Saturday, July 13, 2013

Ingesting the ice

I found out several years ago that it was typical of French-American naturalist John James Audubon to eat the specimens he drew, but I only learned recently that it is a long-standing tradition among scientists to sample what they study. The entomologists, of course, get the most press! But scientists who study ancient ice cores also taste their research subject. When they are in the field, the only source of fresh water might be the Antarctic glacier on which they are camped. But they are driven by more than just necessity. They use broken pieces in their drinks and they fizz as they melt because of compressed gas bubbles inside. And they have even been known to use the ice to hold their drinks: "I actually made drinking glasses out of 40,000-year-old ice by hollowing out the inside of a waste core, a byproduct of the sampling we did," says geoscientist Ed Brook of Oregon State University. Ancient ice is - on the whole - fresh and pure, having lost most of its impurities through pressure squeezing. But it is miniscule amounts of metals in it that give scientists like Paolo Gabrielli (pictured above in the cold storage facility at Ohio State University's Byrd Polar Research Center) clues about past environmental conditions. These trace and ultra-trace elements, carried to the ice mainly by dust, can include lead, mercury, and platinum. Other contaminants like lead and mercury can also be found in polar ice cores. But it is elements leached from the surrounding rock that gave 2.6 billion-year-old water its taste – and its discoverer did follow tradition and taste it! Earth scientist Barbara Sherwood Lollar of the University of Toronto critiques the ancient agua: "What jumps out at you first is the saltiness. Because of the reactions between the water and the rock, it is extremely salty. It is more viscous than tap water. It has the consistency of a very light maple syrup. It doesn't have color when it comes out, but as soon as it comes into contact with oxygen it turns an orangy color because the minerals in it begin to form - especially the iron....It tastes terrible. It is much saltier than seawater. You would definitely not want to drink this stuff."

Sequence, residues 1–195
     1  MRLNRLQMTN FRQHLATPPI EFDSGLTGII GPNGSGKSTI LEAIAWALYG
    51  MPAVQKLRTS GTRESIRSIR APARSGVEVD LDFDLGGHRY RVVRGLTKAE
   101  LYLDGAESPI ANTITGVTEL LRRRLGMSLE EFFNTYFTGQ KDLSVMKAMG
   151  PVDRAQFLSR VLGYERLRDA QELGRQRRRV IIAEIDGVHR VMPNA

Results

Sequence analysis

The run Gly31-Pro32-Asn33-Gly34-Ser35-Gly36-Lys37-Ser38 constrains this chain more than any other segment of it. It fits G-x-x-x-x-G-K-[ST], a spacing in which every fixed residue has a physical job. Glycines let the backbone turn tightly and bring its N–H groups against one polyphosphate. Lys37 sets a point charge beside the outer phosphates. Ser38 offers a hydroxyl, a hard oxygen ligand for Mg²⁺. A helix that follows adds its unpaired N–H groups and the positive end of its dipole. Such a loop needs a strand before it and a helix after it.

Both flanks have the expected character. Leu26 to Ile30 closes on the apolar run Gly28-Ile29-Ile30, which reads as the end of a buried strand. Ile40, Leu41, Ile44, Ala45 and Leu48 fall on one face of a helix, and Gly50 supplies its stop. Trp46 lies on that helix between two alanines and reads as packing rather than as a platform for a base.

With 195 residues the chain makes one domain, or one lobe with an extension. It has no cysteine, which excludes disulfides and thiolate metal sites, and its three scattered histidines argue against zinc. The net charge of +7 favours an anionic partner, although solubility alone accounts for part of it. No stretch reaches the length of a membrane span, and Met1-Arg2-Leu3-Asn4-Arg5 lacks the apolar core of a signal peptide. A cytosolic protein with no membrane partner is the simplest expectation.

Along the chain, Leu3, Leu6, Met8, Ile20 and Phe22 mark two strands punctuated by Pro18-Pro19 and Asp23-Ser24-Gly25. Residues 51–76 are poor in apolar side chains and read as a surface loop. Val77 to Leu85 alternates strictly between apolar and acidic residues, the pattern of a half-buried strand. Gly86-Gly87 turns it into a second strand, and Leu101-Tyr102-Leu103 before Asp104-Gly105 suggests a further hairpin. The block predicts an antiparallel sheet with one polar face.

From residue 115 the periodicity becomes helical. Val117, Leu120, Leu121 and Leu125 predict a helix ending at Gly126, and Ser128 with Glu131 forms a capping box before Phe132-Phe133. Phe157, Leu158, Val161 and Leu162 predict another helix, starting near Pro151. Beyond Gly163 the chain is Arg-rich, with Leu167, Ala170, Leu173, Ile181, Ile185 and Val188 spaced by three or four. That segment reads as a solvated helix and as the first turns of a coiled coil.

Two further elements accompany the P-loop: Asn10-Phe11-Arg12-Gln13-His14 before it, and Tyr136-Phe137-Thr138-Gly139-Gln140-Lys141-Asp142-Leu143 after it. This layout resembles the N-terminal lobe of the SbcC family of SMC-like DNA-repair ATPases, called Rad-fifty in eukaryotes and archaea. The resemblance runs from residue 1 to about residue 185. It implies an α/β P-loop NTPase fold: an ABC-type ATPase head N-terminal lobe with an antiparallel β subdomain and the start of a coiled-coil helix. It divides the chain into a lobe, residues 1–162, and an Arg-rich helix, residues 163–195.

No comments:

Post a Comment

You may add your comments here.